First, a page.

• Thanks a lot for the input! I would be more than willing to mentor some students to take over if my advisor agrees to let me off the hook.
    – user18244
    Commented Jul 16, 2019 at 23:59

Adding on to Sparks answer, it would be helpful to provide context to your planned graduation date. A reason to graduate by a certain date presented with reasoning from a different angle makes it more difficult for the professor to counter argue.

Drawing reasons for example from:

  1. Family - presence needed, marriage or impending split/divorce, pregnancy or desire to get pregnant by a certain age due to fertility
  2. Work - money needed, job offer, etc
  3. Visa - although this is specific to your case
  4. Relocation - plan to move elsewhere for some reason or another

Whether you actually are going to carry through with the reasoning and how truthful the reasoning is up to you. Just try not to be blatantly false that you'll get caught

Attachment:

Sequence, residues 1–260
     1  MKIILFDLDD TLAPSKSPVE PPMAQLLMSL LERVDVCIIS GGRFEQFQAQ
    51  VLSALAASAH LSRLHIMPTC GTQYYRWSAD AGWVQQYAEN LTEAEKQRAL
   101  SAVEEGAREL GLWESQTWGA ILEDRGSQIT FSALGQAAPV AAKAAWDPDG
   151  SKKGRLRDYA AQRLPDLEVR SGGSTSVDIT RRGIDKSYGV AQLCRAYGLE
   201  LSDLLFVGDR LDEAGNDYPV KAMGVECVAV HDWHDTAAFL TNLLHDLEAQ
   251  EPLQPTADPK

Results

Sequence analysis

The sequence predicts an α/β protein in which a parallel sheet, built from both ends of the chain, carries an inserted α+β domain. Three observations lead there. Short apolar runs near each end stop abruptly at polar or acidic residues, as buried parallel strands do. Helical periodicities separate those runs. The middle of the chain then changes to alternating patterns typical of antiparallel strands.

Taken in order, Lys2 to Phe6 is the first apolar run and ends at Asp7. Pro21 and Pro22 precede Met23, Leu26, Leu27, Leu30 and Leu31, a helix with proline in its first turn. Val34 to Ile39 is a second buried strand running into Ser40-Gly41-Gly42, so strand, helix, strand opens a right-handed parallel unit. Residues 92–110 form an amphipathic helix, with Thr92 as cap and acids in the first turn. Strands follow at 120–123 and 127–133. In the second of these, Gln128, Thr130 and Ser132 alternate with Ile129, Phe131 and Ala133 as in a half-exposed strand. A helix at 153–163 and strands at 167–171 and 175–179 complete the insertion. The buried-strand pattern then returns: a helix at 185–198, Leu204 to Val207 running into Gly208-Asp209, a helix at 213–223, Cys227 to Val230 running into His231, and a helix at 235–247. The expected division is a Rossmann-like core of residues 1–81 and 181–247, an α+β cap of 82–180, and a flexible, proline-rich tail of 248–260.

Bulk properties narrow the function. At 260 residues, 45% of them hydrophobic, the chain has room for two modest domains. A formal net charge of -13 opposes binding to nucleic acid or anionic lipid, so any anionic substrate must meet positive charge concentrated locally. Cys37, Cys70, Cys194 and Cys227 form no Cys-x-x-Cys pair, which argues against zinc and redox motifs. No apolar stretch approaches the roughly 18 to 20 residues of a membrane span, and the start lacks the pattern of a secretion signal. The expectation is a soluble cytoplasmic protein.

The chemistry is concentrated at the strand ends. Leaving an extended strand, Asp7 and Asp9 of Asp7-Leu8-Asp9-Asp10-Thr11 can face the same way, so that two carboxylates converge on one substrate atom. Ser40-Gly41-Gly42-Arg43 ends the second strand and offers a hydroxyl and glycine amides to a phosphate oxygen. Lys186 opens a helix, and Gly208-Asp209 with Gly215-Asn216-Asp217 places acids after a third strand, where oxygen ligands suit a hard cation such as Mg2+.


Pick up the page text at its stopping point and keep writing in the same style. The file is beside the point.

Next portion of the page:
• 11
    "Because reasons" can be a dangerous approach here. From the student's side, this is a bait and switch. "I thought I was done, and I would like to finish up", without explanation, is the approach to take. Commented Jul 16, 2019 at 12:05
  • 3
    I agree with Scott. As an advisor, It’s really none of my business why one would want to graduate at a certain time. I may gently ask (to establish a sense of the urgency), but would not expect it.
    – Spark
    Commented Jul 16, 2019 at 12:45
  • Might be worth seeing if you can infer the advisor's potential reaction from prior grad students' experiences.
    – Nat
    Commented Jul 17, 2019 at 1:36
  • While it isn’t the advisor’s business why a student would want to graduate on a certain date, it is the advisor’s business to push for completion of his design and improvement of his project. Student should come prepared to counter the advisor’s arguments particularly if the advisor is adamant that student is not done yet Commented Jul 17, 2019 at 13:23

You must log in to answer this question.

Not the answer you're looking for? Browse other questions tagged .